Transglucosylation and Hydrolysis Activity of Gluconobacter oxydans Dextran Dextrinase with Several Donor and Acceptor Substrates

  • Myriam Naessens
  • Erick J. Vandamme


In this paper the reactivity of Gluconobacter oxydans dextran dextrinase (DDase) towards several glucosyl donor and acceptor molecules was studied. The donor/acceptor assay reflecting most accurately the DDase transglucosylation activity, could then be used as an evaluation tool for the optimization of the DDase production by G. oxydans. Different combinations of glucosyl donors (maltodextrin or maltose) and glucosyl acceptors (glucose, maltose or cellobiose) were incubated with a crude G. oxydans cell extract as a biocatalyst. The synthesis of panose revealed to be the most reliable indicator for DDase transglucosylation activity. Measurements of increasing glucose concentrations or decreasing maltose concentrations were less suitable for the quantification of DDase activity, since maltose seemed to be subjected to some hydrolysis during the enzymatic assays. In order to determine whether the hydrolytic activity, revealed in the donor/acceptor assays, originated from the DDase enzyme itself or from another enzyme present in the DDase preparation, the G. oxydans cell extract was subjected to native PAGE and zymogram analysis. The cell extract contained a number of proteins, the majority being smaller than 140 kDa. One protein band could be detected between the MW markers of catalase and ferritin (with a MW of 232 kDa and 440 kDa resp.), corresponding to DDase, which has a MW of 300 kDa, according to Yamamoto et al 1. The zymogram showed an uncoloured zone with the same Rf value as DDase, leading to the conclusion that DDase itself was most probably the enzyme displaying the hydrolytic activity observed in the donor/acceptor assays.


Native Page Acceptor Substrate Zymogram Analysis Increase Glucose Concentration Glucosyl Unit 
These keywords were added by machine and not by the authors. This process is experimental and the keywords may be updated as the learning algorithm improves.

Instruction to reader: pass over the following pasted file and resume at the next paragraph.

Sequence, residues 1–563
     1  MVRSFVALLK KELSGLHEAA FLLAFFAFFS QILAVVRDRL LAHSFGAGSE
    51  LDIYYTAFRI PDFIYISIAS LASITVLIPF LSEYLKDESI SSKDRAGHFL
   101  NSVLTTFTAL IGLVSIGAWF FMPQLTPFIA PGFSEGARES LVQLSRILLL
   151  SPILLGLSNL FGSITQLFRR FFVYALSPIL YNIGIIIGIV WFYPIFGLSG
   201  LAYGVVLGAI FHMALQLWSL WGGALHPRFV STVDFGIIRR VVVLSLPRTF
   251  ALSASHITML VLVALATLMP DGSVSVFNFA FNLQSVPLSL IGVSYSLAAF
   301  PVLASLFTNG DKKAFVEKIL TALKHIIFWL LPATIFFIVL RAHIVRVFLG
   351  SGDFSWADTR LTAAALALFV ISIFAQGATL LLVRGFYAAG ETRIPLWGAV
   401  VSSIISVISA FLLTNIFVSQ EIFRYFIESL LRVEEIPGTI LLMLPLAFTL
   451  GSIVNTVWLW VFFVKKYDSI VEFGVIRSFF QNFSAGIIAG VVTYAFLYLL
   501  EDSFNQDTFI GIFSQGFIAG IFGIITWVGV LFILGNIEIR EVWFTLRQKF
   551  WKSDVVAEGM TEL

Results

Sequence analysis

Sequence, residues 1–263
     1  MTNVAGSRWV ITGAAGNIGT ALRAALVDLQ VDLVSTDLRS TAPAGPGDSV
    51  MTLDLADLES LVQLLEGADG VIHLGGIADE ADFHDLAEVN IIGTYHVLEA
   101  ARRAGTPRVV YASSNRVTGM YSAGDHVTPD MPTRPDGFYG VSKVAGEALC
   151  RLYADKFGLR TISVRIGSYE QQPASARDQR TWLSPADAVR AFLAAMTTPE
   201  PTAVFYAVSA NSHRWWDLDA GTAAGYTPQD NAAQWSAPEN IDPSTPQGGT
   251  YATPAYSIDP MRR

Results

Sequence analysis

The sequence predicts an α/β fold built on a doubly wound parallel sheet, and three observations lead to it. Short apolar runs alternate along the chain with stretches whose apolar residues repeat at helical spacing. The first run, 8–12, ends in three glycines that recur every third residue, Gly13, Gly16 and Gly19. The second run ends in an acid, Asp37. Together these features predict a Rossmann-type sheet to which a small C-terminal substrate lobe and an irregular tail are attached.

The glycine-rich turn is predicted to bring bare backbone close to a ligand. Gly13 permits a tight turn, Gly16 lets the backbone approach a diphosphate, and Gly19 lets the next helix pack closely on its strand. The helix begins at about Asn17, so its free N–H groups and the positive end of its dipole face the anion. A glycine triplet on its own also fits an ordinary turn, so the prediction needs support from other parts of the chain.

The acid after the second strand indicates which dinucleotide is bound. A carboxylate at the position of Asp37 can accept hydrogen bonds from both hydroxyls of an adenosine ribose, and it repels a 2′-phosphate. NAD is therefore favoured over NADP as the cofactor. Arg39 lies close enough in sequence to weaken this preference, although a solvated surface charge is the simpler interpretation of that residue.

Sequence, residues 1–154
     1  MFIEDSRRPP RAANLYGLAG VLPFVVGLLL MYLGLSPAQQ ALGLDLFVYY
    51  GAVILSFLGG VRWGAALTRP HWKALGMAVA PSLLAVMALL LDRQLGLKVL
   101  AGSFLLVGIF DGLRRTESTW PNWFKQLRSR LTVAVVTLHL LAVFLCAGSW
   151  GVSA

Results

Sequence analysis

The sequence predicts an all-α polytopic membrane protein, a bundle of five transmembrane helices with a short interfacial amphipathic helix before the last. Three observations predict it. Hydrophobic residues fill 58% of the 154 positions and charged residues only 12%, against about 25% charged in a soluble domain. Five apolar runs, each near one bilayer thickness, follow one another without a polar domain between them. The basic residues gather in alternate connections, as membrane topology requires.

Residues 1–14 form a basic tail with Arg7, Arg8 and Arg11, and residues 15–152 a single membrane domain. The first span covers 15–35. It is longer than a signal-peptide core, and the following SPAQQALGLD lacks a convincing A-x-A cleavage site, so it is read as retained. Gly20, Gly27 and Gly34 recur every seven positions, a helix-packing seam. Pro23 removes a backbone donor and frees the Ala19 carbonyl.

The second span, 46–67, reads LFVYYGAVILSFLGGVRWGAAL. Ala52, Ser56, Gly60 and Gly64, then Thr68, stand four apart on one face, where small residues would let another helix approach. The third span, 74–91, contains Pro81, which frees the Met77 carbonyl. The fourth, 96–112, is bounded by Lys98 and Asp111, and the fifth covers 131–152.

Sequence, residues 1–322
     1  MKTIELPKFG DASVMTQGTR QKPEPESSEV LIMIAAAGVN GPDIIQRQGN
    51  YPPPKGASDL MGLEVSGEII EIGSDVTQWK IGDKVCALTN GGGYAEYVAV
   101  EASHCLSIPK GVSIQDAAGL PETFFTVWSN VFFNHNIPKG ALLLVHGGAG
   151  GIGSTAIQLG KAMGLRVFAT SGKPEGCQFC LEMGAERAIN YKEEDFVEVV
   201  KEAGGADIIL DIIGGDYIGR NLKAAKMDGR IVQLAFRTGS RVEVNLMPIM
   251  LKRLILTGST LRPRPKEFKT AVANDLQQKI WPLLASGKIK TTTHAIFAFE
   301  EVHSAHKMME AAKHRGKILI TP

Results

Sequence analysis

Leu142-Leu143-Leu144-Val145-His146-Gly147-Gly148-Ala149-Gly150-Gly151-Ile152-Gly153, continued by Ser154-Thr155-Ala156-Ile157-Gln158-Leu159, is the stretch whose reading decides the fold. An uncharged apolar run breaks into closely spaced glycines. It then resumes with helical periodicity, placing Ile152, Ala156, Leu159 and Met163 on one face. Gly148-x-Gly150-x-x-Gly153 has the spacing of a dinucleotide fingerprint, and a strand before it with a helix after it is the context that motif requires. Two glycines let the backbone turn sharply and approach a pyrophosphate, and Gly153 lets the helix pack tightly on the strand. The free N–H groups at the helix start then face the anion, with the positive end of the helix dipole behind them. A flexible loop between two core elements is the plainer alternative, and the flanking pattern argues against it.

Unable to display preview. Download preview PDF.

Unable to display preview. Download preview PDF.


  1. 1.
    Yamamoto, K., Yoshikawa, K., Kitahata, S., Okada, S. , 1992, Purification and some properties of dextrin dextranase from Acetobacter capsulatus ATCC 11894. Bioscience, Biotechnology and Biochemistry, 56: 169–173CrossRefGoogle Scholar
  2. 2.
    Shimwell, J.L., 1947, A study of ropiness in beer. Journal of the Institute of Brewing, 53: 280–294Google Scholar
  3. 3.
    Hehre, H., Hamilton, D.M., 1949, Bacterial conversion of dextrin into a polysaccharide with the serological properties of dextran. Proceedings of the Society for Experimental Biology and Medicine, 71: 336–339Google Scholar
  4. 4.
    Yamamoto, K., Yoshikawa, K., Okada, S., 1993, Detailed action mechanism of dextrin dextranase from Acetobacter capsulatus ATCC 11894. Bioscience, Biotechnology and Biochemistry, 57: 47–50CrossRefGoogle Scholar
  5. 5.
    Lobov, S.V., Ohtani, R.K.K., Tanaka, O., Yamasaki, K., 1991, Enzymic production of sweet stevioside derivatives: Transglucosylation by glucosidases. Agricultural and Biological Chemistry, 55: 2959–2965CrossRefGoogle Scholar
  6. 6.
    Japanese patent: Preparation of food additives palatinose derivatives with sugars. JP 92–123945 920515Google Scholar
  7. 7.
    Japanese patent: Food product based on soybean glycosides. JP 83–64183 830411Google Scholar
  8. 8.
    Yamamoto, K., Yoshikawa, K., Okada, S., 1994, Substrate specificity of dextrin dextranase from Acetobacter capsulatus ATCC 11894. Bioscience, Biotechnology and Biochemistry, 58: 330–333CrossRefGoogle Scholar

Copyright information

© Springer Science+Business Media New York 2001

Authors and Affiliations

  • Myriam Naessens
    • 1
  • Erick J. Vandamme
    • 1
  1. 1.Department of Biochemical and Microbial Technology, Faculty of Agricultural and Applied Biological SciencesUniversity of GentGentBelgium

Personalised recommendations